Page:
No Time to Debate: Ranking Daniel Craig’s James Bond Films

Daniel Craig had an unenviable task in 2006 when he first donned the tuxedo and took the mantle of 007. Pierce Brosnan’s 6-year stint had ended in the critically mauled 2002 film Die Another Day and many were asking if Bond was relevant in the 21st Century, with Matt Damon’s Jason Bourne films reinventing the modern action franchise in the interim.  With Daniel Craig’s final outing as 007, No Time to Die, now coming in November following several lengthy delays, it seems an apt time to reassess his fluctuating fortunes in the iconic franchise to date.

4. Quantum of Solace.

This film had enormous pressure on its shoulders following on from Casino Royale, which brought James Bond into the 21st Century, ditching many of the hallmarks of the franchise and offering some brutal action. Casino Royale was so well received by audiences and critics it was an almost impossible task for Quantum of Solace to succeed. It has a whole host of problems, was the title too confusing? It kept the grittier tone of its predecessor but seems devoid of fun for large chunks, with Bond on a revenge mission.  The editing for the action sequences could certainly be smoother, though this was likely an effort to tap into the success of the shaky-cam action of the Bourne films. However, it is not executed anywhere near as well as the Paul Greengrass Bourne flicks.

Quantum of Solace isn’t without its high points however and Daniel Craig is as ever a gripping presence on-screen and Judi Dench is once again a great foil as M. It’s a shame some of the performances are undone by some sloppy editing and a poorly executed story. This is a Bond film that tried to pack in far too much action and is a clear example of style over substance.

3. Spectre

This is perhaps the most frustrating of Craig’s run of Bond films. The longest Bond film in history, it does feel very bloated at times and does struggle to justify its considerable runtime.  Sam Mendes carried on in the director’s chair following the gargantuan success of Skyfall. In retrospect, Spectre almost plays more like the 50th film than its predecessor, with so many callbacks and variations on scenes particularly from the Connery and Moore films, with familiar costumes, vehicles, locations and adversaries.

It is incredibly frustrating as there are some spectacular sequences in amongst the bloat. The train fight sequence between Bond and Mr Hinx is a particular highlight, as is the one-track shot opening in Mexico City, which won considerable acclaim from critics and has been labelled one of the finest opening sequences for the franchise.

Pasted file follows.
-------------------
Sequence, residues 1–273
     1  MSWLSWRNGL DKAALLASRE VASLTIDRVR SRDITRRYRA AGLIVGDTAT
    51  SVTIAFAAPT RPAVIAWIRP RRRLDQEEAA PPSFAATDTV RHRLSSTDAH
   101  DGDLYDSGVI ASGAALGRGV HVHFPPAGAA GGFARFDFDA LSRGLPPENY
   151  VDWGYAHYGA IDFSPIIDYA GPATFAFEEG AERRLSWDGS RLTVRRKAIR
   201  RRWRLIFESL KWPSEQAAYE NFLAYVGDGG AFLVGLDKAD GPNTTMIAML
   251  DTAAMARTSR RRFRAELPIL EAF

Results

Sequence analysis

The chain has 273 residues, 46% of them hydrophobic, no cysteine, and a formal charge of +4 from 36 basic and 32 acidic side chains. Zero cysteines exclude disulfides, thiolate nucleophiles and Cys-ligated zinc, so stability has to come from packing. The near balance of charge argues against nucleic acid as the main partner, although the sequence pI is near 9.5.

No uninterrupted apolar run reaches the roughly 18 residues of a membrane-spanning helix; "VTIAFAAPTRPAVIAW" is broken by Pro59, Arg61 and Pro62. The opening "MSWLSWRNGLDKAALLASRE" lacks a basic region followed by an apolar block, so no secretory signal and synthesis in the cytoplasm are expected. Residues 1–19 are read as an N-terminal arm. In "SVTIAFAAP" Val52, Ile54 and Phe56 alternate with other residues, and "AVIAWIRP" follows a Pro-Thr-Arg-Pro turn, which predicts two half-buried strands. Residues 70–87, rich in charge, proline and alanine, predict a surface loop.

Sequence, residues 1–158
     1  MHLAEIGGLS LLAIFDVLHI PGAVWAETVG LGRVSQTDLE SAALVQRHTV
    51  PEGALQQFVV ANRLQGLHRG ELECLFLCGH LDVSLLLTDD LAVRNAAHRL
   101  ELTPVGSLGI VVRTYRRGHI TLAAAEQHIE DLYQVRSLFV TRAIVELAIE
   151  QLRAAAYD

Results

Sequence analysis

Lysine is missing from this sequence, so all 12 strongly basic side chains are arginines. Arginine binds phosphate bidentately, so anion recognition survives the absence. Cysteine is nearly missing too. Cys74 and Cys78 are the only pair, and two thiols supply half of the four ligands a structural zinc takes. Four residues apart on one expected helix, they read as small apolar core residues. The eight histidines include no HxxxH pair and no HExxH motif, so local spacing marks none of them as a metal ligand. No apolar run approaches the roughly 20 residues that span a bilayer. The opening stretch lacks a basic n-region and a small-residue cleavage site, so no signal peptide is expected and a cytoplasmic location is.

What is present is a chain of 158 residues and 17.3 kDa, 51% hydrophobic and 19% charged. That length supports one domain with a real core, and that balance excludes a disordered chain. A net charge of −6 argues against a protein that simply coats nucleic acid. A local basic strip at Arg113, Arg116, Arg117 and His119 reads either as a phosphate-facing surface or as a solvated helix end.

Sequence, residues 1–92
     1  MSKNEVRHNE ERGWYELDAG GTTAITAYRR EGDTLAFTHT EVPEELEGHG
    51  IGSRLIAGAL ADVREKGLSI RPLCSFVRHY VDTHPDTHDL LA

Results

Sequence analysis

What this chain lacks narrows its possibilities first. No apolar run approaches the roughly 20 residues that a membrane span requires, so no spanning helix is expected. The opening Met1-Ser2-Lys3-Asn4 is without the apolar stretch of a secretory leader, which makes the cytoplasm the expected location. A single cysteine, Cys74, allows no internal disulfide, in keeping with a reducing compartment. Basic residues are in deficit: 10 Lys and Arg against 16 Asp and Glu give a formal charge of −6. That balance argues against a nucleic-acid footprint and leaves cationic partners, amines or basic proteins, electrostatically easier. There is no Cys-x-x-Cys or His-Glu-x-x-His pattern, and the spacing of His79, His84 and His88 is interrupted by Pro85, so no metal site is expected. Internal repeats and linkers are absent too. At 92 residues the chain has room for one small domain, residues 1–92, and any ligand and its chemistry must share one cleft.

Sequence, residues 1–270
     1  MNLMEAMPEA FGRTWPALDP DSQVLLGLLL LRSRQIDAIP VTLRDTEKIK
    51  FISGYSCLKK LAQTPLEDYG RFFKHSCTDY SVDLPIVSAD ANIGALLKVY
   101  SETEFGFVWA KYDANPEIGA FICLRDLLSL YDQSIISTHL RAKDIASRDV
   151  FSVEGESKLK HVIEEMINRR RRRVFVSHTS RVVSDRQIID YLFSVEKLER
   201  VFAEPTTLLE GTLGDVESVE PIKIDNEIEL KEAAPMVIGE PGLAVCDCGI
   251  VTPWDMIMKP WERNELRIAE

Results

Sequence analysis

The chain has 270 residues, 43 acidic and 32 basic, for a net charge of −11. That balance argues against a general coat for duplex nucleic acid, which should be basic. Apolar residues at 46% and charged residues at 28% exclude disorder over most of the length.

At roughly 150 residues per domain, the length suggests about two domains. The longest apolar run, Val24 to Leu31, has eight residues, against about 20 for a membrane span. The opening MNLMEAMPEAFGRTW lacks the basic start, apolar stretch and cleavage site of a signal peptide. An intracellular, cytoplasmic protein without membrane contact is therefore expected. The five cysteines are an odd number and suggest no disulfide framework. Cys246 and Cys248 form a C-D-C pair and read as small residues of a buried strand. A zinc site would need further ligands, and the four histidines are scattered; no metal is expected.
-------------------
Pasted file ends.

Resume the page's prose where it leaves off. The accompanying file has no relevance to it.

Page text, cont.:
The retconning of Craig’s previous entries to try and emulate Marvel is one of the film’s biggest sins, so is the waste of Christoph Waltz, who of course was coming off the back of 2 Oscar-winning roles for Quentin Tarantino (Hopefully Waltz is used to better effect in No Time to Die). Spectre is by no means terrible, it is just not a patch on the top 2 entries in this list.

2. Skyfall

A tough call between the top 2 entries in this list. Skyfall brought Bond to new heights and was surprisingly the highest-grossing entry in the franchise, unadjusted for inflation taking over $1.1 Billion Dollars at the Box Office.  Skyfall really works well as a bridge between the earlier Craig films and the lighter, more humour-filled tone of the Connery and Moore Bond flicks. Javier Bardem makes Silva an instantly memorable Bond villain and the cinematography from the legendary Roger Deakins ensures this is by far one of the most stunning entries in the 50+ year franchise.

The humour can at times feel a tad forced but overall, this is such a blast and works really well in contrast to Craig’s first 2 turns as 007.  The storyline is more personal than any Bond film prior and this lends the film more stakes. The greater use of London and some truly stunning visuals make this a tremendous 50th-anniversary outing.

1. Casino Royale

Craig’s first outing as the superspy remains one of the greatest franchise reinventions, comparable really only to Christopher Nolan’s work on Batman Begins a year prior. It is such a far cry from the invisible cars and laser watches of previous entries.  This was a vital and fresh Bond.  From the brutal bathroom brawl as we see Bond earn 007 status to the climax, the pace barely lets up. There are some truly staggering action sequences, particularly the parkour-filled chase sequence in Madagascar.

This Bond felt more vulnerable without an assortment of gadgets. It hews far closer to the source material than any Bond adaptation previously and modernises it to incredible effect. Eva Green gives Vesper Lynd real depth and puts her at the forefront of Bond Girls and certainly the strongest of the Craig era. Mads Mikkelsen is incredibly menacing as Le Chiffre, endowing him with a sense of sympathy.

Hopefully, No Time to Die can return to the heights of Casino Royale and Skyfall. Director
Cary Joji Fukunaga has won considerable acclaim for his work on True Detective and Beasts of No Nation, so seems a great pair of hands for Craig’s final outing.  From the footage released it seems like Rami Malek will also make a great entry into the canon of Bond villains. No Time to Die may end up as one of the best or worst of Daniel Craig’s Bond films, but for now, we reckon this list is pretty definitive.

Words by Chris Connor

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